That is not to say there is no indirect relationship when it comes to poverty more broadly. There is merit to the argument that coal has underpinned industrialisation through the provision of low-cost electricity and, in doing so, facilitated reductions in poverty. Although that cost advantage has been significantly eroded in recent years due to the rapid development of alternative technologies (and is likely to disappear entirely in the future), for now, coal-fired power plants remain the cheapest source of baseload electricity in many circumstances. This explains why countries like India have sought to leave open their ability to use (and expand) coal-fired generation in international climate negotiations. It also highlights why the principle that developed countries should bear a disproportionate burden of the costs associated with climate change action is so important for limiting the expansion of coal consumption in developing economies. Expecting a country like India, home to one-third of the world’s poor, to opt for cleaner technologies without financial support is neither realistic nor fair (not when the industrialisation of developed countries was underpinned by coal consumption).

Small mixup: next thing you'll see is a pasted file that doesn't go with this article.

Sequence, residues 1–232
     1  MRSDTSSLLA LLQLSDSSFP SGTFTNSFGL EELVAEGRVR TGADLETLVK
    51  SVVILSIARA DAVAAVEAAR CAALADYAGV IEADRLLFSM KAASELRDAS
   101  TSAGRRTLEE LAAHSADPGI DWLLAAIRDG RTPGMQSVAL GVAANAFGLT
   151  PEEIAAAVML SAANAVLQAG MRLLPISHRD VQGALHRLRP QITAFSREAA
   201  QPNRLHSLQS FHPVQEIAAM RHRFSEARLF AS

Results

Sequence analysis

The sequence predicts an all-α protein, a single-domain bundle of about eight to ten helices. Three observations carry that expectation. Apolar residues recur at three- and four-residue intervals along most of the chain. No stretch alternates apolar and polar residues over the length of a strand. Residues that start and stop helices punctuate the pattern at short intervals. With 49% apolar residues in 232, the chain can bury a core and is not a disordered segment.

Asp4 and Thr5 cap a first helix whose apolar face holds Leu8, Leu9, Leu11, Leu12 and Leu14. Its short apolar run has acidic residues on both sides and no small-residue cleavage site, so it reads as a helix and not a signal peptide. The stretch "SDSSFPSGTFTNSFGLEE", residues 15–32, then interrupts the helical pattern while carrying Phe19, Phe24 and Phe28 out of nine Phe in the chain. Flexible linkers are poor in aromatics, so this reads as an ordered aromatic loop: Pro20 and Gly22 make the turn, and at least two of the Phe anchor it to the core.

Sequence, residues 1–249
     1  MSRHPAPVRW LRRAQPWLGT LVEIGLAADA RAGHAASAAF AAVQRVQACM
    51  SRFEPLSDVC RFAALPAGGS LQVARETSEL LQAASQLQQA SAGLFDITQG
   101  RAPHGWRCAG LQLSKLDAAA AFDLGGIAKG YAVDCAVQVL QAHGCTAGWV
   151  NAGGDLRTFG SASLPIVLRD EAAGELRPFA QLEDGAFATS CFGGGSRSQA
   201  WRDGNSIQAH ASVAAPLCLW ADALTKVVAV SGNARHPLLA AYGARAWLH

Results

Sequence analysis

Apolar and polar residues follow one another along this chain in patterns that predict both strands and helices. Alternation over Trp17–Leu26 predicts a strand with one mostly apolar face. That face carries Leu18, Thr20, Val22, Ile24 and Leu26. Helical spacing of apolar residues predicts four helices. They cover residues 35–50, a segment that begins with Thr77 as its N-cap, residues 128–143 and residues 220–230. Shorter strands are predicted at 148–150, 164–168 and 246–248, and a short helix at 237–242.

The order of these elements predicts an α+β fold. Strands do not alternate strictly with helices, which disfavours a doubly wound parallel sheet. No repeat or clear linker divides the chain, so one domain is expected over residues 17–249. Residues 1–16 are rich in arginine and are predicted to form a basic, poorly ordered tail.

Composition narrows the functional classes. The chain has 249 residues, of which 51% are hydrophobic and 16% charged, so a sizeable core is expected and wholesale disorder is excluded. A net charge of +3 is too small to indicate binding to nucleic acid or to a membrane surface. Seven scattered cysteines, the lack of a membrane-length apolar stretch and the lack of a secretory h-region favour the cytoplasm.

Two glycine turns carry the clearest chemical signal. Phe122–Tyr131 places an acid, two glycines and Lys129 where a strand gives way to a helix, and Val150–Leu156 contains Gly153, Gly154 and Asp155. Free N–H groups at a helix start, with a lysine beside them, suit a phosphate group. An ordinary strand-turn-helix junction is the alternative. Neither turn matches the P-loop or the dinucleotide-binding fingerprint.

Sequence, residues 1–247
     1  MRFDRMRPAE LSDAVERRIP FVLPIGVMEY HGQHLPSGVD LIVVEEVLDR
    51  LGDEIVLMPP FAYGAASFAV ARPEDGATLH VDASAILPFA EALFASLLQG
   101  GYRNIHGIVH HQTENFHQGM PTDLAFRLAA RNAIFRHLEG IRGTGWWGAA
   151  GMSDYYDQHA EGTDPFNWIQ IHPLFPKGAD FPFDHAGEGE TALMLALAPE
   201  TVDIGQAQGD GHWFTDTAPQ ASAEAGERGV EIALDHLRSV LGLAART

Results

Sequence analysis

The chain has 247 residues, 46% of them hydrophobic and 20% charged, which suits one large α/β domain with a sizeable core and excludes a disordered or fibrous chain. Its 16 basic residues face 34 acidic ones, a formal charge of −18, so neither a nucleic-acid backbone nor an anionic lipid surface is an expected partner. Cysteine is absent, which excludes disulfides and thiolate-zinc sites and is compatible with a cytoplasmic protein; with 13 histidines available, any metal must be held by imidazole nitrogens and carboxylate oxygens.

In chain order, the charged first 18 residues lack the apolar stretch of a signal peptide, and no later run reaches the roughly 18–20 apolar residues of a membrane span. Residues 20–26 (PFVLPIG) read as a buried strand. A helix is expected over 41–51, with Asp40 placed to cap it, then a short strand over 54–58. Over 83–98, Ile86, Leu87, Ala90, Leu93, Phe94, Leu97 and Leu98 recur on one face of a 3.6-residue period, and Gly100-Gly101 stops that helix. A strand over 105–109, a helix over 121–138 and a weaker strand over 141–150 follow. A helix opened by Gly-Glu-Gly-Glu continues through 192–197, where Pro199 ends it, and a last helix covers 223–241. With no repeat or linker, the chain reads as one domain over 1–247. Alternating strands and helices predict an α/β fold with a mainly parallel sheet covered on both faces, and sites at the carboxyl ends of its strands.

That the coal industry should seek as part of its public relations strategy to highlight links between coal and the alleviation of poverty and energy poverty should come as no surprise. What better way to win the battle of ideas than to argue one’s product improves the wellbeing of the world’s poor? Both of the arguments highlighted by the coal industry have gained considerable traction in policy circles. There is some merit to the first. Advocates for coal are right when they point to its historical role in supporting industrialisation that has reduced global poverty, although linking coal to future industrialisation in developing economies is more questionable, given rapid declines in the cost of alternative power generation (and storage) technologies. The second argument – that coal is essential for addressing energy poverty – is unfounded.
Matthew Dornan is a Research Fellow at the Development Policy Centre.